We also reject the City's argument that Corn was required to bring his section 1983 action when he brought the mandamus action. Under both state and federal law, the taking claim is supplemental to the state proceedings on the propriety of the zoning regulation and is not mature until the propriety or impropriety of the zoning regulation has been finally determined. See, e.g., MacDonald, Sommer Frates v. Yolo County, 477 U.S. 340, 350, 106 S.Ct. 2561, 2566, 91 L.Ed.2d 285 (1986) (damage action not available until court decides separately filed mandamus action and gives county an opportunity to provide adequate compensation); Norco Constr., Inc. v. King County, 801 F.2d 1143, 1145 (9th Cir. 1986) (damage claim not matured until final determination on status of property); Vari-Build, Inc. v. City of Reno, 596 F. Supp. 673 (D.Nev. 1984) (action for damages separate and supplemental to mandamus action); City of St. Petersburg v. Wall, 475 So.2d 662 (Fla. 1985) (separate damage action for governmental taking during period of stay pending appeal); Albrecht, 444 So.2d at 12-13 ("propriety of the agency action must be finally determined before a claim for inverse condemnation exists"). Until the status of Corn's property was finally adjudicated on appeal, the existence and extent of a regulatory taking remained undefined; so, Corn had no obligation to bring his damage action earlier.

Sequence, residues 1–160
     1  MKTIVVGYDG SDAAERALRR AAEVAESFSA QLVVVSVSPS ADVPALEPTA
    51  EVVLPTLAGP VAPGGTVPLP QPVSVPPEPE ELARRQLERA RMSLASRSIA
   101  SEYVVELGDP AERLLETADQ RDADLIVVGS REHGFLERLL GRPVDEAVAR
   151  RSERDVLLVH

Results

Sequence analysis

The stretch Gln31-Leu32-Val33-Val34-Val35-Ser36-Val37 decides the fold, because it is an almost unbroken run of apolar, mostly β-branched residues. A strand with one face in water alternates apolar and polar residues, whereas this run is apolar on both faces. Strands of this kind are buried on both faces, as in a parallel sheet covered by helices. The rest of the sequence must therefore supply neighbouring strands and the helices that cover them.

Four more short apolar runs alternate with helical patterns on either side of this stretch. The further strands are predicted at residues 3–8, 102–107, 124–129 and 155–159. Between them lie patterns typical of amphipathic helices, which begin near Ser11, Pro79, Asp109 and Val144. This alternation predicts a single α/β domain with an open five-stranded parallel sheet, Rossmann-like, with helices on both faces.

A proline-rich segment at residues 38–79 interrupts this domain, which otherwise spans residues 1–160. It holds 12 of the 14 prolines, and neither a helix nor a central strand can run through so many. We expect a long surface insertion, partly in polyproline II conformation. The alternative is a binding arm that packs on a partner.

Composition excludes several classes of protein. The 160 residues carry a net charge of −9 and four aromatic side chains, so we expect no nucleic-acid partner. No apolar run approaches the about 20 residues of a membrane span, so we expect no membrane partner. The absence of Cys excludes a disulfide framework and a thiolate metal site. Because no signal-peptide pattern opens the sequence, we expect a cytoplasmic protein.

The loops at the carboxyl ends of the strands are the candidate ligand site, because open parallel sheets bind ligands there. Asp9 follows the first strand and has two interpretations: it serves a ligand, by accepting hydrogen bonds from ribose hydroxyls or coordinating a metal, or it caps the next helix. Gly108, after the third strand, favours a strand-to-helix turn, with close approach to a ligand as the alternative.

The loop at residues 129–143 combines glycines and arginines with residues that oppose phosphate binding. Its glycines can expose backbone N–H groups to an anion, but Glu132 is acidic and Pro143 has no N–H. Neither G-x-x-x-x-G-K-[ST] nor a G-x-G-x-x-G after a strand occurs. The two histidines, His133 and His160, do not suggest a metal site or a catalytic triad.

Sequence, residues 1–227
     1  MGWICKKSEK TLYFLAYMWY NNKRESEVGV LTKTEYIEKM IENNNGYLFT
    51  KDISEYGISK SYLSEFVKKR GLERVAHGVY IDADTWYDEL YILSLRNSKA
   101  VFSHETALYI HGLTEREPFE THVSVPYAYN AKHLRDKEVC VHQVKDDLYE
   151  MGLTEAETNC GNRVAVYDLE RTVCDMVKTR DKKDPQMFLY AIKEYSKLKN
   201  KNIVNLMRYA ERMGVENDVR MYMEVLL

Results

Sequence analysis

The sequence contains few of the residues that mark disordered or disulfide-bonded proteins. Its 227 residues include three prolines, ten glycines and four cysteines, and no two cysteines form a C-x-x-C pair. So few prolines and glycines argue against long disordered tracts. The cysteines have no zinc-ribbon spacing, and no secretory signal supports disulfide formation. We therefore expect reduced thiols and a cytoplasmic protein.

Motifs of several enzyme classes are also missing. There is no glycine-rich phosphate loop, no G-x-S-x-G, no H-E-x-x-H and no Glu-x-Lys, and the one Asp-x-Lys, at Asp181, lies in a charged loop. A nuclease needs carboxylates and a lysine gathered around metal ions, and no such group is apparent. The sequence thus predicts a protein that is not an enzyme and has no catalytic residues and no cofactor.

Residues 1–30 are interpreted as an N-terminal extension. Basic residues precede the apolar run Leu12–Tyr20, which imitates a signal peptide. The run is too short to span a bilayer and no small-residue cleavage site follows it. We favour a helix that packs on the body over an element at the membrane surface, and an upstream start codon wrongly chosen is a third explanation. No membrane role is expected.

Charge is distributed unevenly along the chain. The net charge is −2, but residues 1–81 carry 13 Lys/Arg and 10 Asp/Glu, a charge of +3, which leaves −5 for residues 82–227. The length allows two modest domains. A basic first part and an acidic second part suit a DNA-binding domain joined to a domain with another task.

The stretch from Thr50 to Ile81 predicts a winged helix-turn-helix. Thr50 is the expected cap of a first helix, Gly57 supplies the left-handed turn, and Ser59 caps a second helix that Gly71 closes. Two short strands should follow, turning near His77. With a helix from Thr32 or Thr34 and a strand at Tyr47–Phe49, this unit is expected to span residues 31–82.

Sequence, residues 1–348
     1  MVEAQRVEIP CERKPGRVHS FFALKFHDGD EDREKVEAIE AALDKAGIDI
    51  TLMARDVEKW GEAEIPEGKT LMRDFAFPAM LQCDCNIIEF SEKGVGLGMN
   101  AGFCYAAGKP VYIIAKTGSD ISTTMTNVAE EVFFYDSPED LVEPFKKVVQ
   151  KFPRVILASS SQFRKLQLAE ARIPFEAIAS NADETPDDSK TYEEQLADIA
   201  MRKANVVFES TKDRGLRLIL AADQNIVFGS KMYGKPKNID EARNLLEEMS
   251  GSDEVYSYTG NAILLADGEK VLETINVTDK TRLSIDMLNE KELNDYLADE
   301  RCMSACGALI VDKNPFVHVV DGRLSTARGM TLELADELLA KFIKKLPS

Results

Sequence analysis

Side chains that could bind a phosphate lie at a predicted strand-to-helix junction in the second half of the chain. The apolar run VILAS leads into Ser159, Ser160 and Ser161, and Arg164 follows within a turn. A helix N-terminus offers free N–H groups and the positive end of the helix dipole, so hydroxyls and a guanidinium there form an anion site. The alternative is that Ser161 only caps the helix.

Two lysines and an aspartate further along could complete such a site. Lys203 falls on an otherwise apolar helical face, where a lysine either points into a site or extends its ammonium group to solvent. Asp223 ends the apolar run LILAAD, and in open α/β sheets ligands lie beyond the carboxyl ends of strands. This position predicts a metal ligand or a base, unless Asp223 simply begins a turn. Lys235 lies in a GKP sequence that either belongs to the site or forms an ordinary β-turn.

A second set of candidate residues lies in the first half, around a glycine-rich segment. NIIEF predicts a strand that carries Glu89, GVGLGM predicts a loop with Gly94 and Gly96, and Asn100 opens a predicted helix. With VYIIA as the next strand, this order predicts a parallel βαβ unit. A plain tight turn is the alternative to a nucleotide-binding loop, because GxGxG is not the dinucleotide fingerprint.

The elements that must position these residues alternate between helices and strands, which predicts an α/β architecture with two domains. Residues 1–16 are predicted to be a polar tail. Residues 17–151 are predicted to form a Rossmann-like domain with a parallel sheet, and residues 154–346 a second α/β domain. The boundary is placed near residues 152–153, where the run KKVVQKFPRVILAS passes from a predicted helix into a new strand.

2. Statute of Limitations